[The following is a short story I wrote for the National Portrait Gallery's The Big Chill: Fireside Tales short story and poetry competition. The prompt was the photo below, which was taken in Sydney by Dr Julian Smith some time in the 1940s. Nothing is known about the subject, so entrants were asked to use … Continue reading Winter time ::
When the sea hisses, it speaks, and speech breaks the spell of terror; when it is inert, heaving noiselessly, it is dumb, and seems to brood over mischief. The ocean in a calm is like a sulky giant; one dreads that it may be meditating evil. Moreover, an angry sea looks less vast in extent … Continue reading Marcus Clarke (1846-1881), on the Ocean ::
http://www.youtube.com/watch?v=67pkPx24BP8 'Gotcha kid.'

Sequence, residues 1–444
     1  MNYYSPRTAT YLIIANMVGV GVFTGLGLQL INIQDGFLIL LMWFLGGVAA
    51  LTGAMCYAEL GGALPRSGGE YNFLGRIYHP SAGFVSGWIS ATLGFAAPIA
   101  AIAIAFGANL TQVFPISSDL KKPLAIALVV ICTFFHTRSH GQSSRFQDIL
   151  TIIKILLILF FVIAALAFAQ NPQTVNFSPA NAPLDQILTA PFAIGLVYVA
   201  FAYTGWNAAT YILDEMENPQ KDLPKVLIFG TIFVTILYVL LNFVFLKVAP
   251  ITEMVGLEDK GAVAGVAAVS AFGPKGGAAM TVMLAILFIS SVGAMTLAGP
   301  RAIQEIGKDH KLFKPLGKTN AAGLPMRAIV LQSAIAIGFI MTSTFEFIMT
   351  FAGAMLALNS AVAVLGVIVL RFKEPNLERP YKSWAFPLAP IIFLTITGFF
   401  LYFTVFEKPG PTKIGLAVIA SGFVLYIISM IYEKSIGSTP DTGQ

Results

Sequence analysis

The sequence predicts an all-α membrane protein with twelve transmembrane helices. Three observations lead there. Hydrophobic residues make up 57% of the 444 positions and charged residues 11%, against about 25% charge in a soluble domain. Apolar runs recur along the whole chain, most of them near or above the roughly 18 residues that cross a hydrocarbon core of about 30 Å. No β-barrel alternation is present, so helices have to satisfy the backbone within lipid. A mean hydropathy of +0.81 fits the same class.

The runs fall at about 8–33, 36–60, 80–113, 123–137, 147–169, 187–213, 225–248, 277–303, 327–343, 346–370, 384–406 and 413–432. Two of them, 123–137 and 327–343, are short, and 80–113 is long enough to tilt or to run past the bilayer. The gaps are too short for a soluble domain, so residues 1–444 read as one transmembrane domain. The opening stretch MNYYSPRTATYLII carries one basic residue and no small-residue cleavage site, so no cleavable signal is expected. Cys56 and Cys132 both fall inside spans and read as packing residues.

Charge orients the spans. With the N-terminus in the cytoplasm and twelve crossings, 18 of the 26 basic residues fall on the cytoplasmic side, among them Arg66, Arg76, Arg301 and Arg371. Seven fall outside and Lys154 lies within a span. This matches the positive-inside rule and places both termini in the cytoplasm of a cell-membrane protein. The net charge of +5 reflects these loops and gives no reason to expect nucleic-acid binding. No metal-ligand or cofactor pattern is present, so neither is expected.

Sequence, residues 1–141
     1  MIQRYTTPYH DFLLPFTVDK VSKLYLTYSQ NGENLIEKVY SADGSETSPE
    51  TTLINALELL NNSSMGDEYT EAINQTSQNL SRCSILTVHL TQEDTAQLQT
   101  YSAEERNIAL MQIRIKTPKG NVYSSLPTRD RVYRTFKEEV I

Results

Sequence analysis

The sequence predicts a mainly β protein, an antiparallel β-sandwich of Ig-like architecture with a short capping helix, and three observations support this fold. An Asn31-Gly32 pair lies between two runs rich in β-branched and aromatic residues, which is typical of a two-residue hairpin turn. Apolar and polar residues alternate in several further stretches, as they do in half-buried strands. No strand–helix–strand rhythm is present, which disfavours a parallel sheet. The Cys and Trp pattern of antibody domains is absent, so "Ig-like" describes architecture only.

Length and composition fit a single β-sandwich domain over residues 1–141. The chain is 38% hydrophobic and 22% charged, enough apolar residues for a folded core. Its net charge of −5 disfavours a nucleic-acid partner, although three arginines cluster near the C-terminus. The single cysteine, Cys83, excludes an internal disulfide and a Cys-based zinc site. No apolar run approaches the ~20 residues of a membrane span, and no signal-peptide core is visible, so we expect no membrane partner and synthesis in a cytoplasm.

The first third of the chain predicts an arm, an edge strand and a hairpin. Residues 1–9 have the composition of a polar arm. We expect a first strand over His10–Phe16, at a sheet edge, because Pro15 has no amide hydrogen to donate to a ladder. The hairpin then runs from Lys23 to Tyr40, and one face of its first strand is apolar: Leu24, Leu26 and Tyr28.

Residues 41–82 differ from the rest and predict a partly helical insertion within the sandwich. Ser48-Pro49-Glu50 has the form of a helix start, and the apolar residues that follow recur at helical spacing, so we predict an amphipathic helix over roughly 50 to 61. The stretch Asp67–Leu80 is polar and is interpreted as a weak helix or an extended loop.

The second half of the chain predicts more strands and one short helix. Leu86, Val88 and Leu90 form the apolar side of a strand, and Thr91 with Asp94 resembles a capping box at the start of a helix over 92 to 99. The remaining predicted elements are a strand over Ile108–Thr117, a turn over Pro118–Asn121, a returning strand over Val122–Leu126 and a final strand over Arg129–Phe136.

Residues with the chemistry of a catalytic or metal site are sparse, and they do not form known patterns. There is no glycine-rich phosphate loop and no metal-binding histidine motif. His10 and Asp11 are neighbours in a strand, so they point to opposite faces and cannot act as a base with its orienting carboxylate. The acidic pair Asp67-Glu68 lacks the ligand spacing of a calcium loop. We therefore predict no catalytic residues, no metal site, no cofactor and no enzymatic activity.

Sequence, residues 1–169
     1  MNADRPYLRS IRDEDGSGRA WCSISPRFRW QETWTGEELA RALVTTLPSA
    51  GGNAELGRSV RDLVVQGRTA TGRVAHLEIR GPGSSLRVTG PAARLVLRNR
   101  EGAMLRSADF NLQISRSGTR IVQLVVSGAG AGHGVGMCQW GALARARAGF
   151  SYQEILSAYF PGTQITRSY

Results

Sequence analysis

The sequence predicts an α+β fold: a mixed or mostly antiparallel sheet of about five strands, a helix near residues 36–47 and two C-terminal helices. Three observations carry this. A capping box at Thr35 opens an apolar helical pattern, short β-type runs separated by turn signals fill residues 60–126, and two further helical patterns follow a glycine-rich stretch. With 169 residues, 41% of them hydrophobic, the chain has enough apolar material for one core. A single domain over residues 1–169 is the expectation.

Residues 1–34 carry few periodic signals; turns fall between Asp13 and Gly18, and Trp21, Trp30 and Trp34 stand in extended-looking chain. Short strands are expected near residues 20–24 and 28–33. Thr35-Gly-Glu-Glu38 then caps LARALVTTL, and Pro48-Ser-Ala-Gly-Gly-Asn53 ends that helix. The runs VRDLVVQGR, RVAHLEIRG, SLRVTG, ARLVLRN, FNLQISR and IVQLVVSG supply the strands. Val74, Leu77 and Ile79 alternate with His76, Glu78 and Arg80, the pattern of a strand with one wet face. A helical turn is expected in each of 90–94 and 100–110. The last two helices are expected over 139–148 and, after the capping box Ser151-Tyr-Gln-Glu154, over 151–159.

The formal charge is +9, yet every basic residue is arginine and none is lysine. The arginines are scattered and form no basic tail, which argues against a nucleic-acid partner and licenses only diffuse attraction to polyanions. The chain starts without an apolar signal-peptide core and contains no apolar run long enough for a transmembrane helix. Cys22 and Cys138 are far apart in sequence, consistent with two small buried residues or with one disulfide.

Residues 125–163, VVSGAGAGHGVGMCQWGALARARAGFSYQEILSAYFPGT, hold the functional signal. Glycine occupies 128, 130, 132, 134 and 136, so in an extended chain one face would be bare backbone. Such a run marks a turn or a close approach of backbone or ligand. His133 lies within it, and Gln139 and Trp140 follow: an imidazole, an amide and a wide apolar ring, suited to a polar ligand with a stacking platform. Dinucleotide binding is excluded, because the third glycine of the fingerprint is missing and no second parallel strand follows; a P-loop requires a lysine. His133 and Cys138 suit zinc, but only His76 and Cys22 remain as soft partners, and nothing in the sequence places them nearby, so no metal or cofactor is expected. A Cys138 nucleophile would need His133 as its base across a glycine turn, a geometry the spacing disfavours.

Reproduction, birth, and death are inextricably linked ... The act of coitus, considered not only psychologically but also ethically and biologically, is akin to murder.
Childhood is the most vile and abject state of human nature, after that of death.
What is this formidable Roman army? … [T]he only bond of union among them is fear. And whenever terror ceases to work upon the minds of that mixed multitude, they who now fear, will then hate their tyrannical master.
I've had three blogs prior to this one. None of them exist today. I designed them for specific purposes and named them accordingly. That was their death knell. When I became disinterested in that purpose or felt constrained, the blog went to the glue factory. So when I started 'Swimming with Elephants', my chief desire … Continue reading Why swim with elephants? ::
This machine was my grandmother’s. It would have been my grandfather, though, who kept it in working condition. From what my mother has told me, Thomas Arnold Thomson was fascinated by the mechanics of machinery. If anything in the house broke, Thomas Arnold Thomson’s solution was to purchase a manual explaining how the thing worked … Continue reading Written on my Grandmother’s Typewriter ::